The Acts and Monuments of John Foxe/Volume 3/Oration of the Emperor Sigismund, addressed to the Council
Oration of the Emperor Sigismund, addressed to the Council.
counsel you, that he be forbid the office of preaching and teaching, and also that he return no more into the kingdom of Bohemia; for if he be admitted again to teach and preach, and especially in the kingdom of Bohemia, he will not observe and keep that which he is commanded; but, hoping upon the favour and good will of such as be his adherents and fautors there, he will return again imto his former purpose and intent; and then, besides these errors, he will also sow new errors amongst the people; so the last error shall be worse than the first.'Moreover, I judge and think it good, that his articles which are condemned, should be sent unto my brother, the king of Bohemia, and afterward into Poland, and other provinces; where men's minds are replenished with his doctrine; with this commandment: That which God planteth, man shall never root up.That whosoever do proceed to hold or keep the same, they should, by the common aid both of the ecclesiastical and civil power, be punished. So at length shall remedy be found for this mischief, if the boughs, together with the root, be utterly rooted and pulled up: and if the bishops and other prelates, who here m this place have laboured and travailed for the extirpating of this heresy, be commended by the whole voices of the council unto the king and princes, under whose dominion they are. Jerome of Prague mentioned by the emperor.Last of all, if there be any found here at Constance, who are familiars unto John Huss, they also ought to be punished with such severity and punishment as is due unto them, and especially his scholar, Jerome of Prague.'
Then said the rest: "When the master is once punished, we hope we shall find the scholar much more tractable and gentle."
After they had spoken these words, they departed out of the cloister, where they were assembled and gathered together. Four bishops sent to john Huss.The day before his condemnation, which was the sixth of July, the emperor Sigismund sent unto him four bishops, accompanied with Master Wencelate de Duba, and John de Clum, that they should learn and understand of him what he did intend to do. When he was brought out of prison unto them, John de Clum began first to speak unto him, saying: The pitiful and loving oration of John de Clum unto John Huss."Master John Huss, I am a man unlearned, neither am I able to counsel or advertise you, being a man of learning and understanding: notwithstanding I do require you, if you know yourself guilty of any of those errors which are objected and laid against you before the council, that you will not be ashamed to alter and change your mind to the will and pleasure of the council: if contrariwise, I will be no author unto you, that you should do any thing contrary, or against your conscience, but rather to suffer and endure any kind of punishment, than to deny that which you have known to be the truth." Unto whom John Huss, turning himself, with lamentable tears said: The marvellous constancy of John Huss."Verily, as before I have oftentimes done, I do take the most high God for my witness, that I am ready with my heart and mind, if the council can instruct or teach me any better by the holy Scripture, and I will be ready with all my whole heart to alter and change my purpose." Then one of the bishops who sat by, said unto him, that he would never be so arrogant or proud, that he would prefer his own mind or opinion before the judgment of the whole council. To whom John Huss answered: That is no right modesty that more regardeth to obey man than manifest verity."Neither do I otherwise mind or intend. For if he who is the meanest or least in all this council can convict me of error, I will, with an humble heart and mind, perform and do whatsoever the council shall require of me." "Mark," said the bishops, "how obstinately he doth persevere in his errors." And when they had thus talked, they commanded the keepers to carry him again to prison; and so they returned again unto the emperor with their commission.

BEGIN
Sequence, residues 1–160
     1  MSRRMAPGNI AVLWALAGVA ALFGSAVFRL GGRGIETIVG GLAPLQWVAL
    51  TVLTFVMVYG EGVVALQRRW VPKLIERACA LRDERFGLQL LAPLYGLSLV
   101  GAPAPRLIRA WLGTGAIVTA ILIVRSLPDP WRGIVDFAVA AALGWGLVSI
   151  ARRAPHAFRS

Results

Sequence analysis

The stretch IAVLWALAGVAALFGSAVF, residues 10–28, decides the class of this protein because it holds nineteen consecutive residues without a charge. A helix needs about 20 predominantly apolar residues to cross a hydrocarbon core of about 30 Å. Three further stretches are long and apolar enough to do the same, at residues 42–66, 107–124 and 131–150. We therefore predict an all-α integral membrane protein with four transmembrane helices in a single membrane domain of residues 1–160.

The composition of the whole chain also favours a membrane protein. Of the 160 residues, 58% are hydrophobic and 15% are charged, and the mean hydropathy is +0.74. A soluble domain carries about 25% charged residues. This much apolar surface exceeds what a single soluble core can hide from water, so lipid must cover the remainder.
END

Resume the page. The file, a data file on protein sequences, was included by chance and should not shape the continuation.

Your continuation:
The next day after, which was Saturday, and the sixth day of July, there was a general session holden of the princes and lords, both of the ecclesiastical and temporal estates, in the head church of the city of Constance, the emperor Sigismund being president in his imperial robes and habit; in the midst whereof there was made a certain high place, being square about like a table, and hard by it there was a desk of wood, on which the garments and vestments pertaining unto priesthood were laid for this cause, that before John Huss should be delivered over unto the civil power, he should be openly deprived and spoiled of his priestly ornaments. When John Huss was brought thither, he fell dovn upon his knees before the same high place, and prayed a long time. In the mean while the bishop of Londe went up into the pulpit, and made this sermon following.